Comprehensive work in ground water hydrology and resource development has been completed by Lytle Water Solutions personnel in varied geologic terranes, including unconsolidated alluvial deposits, sedimentary rock, limestones and dolomites, volcanic rock, and crystalline rock. Areas of expertise in ground water hydrology, and descriptions of representative projects, are presented below.
Ground Water Development
To evaluate ground water production capabilities in the confined alluvial aquifer of the San Luis Valley, over 17,500 ft. of drilling and well completions were done, along with geophysical logging and water quality sampling, to characterize the developable ground water resources to a depth of 2000 feet beneath approximately 100,000 acres of land. Using these data, ground water modeling was used to assess the long-term expected yield to provide municipal water supplies.
Municipal Water Supplies
Ground water-dependent municipalities and special districts along the Front Range of Colorado are primarily dependent on the water resources of the Denver Basin bedrock aquifers. Due to growth, these municipalities and districts have needed to expand their water supply capabilities and LWS personnel have designed, observed construction of, and tested dozens of deep bedrock wells, ranging in depth from 400 to over 2800 feet.
A 2,500-foot exploratory well was drilled in central Florida to investigate the ground water development potential and depth of the fresh water/salt water interface. The exploratory program included drill-stem testing, geophysical logging, and downhole packer testing. The exploratory program culminated in the successful development of a 6,000-gallon per minute municipal water supply well.
Test Well Drilling Programs
A heterogeneous alluvial aquifer associated with Cherry Creek, a tributary to the South Platte River, was methodically evaluated through a test-drilling program, including aquifer testing, to assess the best locations for alluvial production wells. Subsequent water well drilling programs developed production wells at these sites.
A test well drilling program was conducted near Cedar Bluffs, Iowa, to evaluate locations where a production well could be sited to provide water to a manufacturing facility without inducing high TDS-water to the well.
The city of Cheyenne, Wyoming, was contemplating water supply development in an aquifer in an area with little geologic or hydrogeologic data. Published reports and sparse well data were used from the area, along with interpretation of seismic reflection data, to initially characterize the aquifer and to select test drilling sites. Test well drilling and aquifer testing were then used to assess aquifer characteristics. A ground water model will be used to assess the long-term water supply production capability from the aquifer.
LWS staff have routinely performed geologic reconnaissance, remote sensing evaluations, and commissioned use of a variety of geophysical methods to assist in characterization of hydrogeologic conditions.
Ground Water Supply Planning
Sixteen municipal and special water districts in El Paso County, Colorado, participated in a regional water supply planning study in Colorado to evaluate how future water demands would be met at buildout and how regional cooperation could be used to develop integrated water supply systems.
Water supply planning for a number of municipalities and special districts in Colorado has included evaluation of demand versus supply projections, with the attendant scheduling of new Denver Basin well installations.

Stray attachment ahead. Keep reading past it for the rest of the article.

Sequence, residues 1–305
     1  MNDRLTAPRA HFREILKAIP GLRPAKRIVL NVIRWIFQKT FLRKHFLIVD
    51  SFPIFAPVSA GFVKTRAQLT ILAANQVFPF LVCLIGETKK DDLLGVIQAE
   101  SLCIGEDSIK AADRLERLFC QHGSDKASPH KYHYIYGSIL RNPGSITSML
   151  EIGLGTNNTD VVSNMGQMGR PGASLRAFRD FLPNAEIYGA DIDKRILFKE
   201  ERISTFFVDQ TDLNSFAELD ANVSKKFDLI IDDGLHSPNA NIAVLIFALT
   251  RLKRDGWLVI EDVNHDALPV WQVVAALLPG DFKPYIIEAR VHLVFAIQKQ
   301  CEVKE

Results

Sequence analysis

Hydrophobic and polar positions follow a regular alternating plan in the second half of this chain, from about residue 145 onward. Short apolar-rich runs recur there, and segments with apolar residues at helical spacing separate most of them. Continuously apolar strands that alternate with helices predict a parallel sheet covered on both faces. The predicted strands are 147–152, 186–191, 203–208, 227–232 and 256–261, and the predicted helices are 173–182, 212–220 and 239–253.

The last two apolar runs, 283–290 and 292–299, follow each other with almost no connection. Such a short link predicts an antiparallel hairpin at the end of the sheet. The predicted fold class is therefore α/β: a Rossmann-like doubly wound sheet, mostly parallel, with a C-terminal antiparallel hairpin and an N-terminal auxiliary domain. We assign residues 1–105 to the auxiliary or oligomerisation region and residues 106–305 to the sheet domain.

Ground Water Modeling
Analytical and numerical modeling tools were used to assess long-term sustainable yield from the confined alluvial aquifer in the San Luis Valley (Colorado) that is being recharged by surface water flows. The modeling was used to assess impacts to existing vested surface and ground water rights to evaluate a Water Court application for new water rights.
An analytical ground water model was used to assess water management techniques for the Parker Water and Sanitation District to deal with significant water level declines and the attendant well production loss. The model evaluated the most efficient well operation to minimize well-to-well interference in its well fields.
A numerical ground water model was constructed to evaluate the sustainable yield of a coastal aquifer in Florida and to evaluate the risk of seawater intrusion associated with long-term use.
A ground water model was used to support the permitting of a 15 million-gallon per day wellfield proposed by a major utility in central Florida. The model was used to forecast water level changes, changes in discharge of several major springs, and change in the position of the fresh/salt water interface.
Aquifer Storage and Recovery (ASR)
Declining water levels in the Denver Basin bedrock aquifers has necessitated the evaluation of alternative technologies to extend the useful life of the aquifers. A 6-year research project was completed in the southeastern Denver metro area which evaluated the technical, economic, institutional, water quality and legal issues associated with deep bedrock aquifer storage and recovery (ASR). This work won the ACEC Engineering Excellence Award.
LWS has assisted the Cheyenne Board of Public Utilities (BOPU) with a Managed Aquifer Recharge, Storage and Recovery (ASR) pilot study to evaluate various aquifer recharge technologies. Research has included the use of a rapid infiltration basin and an Ogallala aquifer injection well. The primary objective of the pilot study was to evaluate whether recharge methods could improve the productivity and sustainability of the Ogallala aquifer in BOPU's well fields.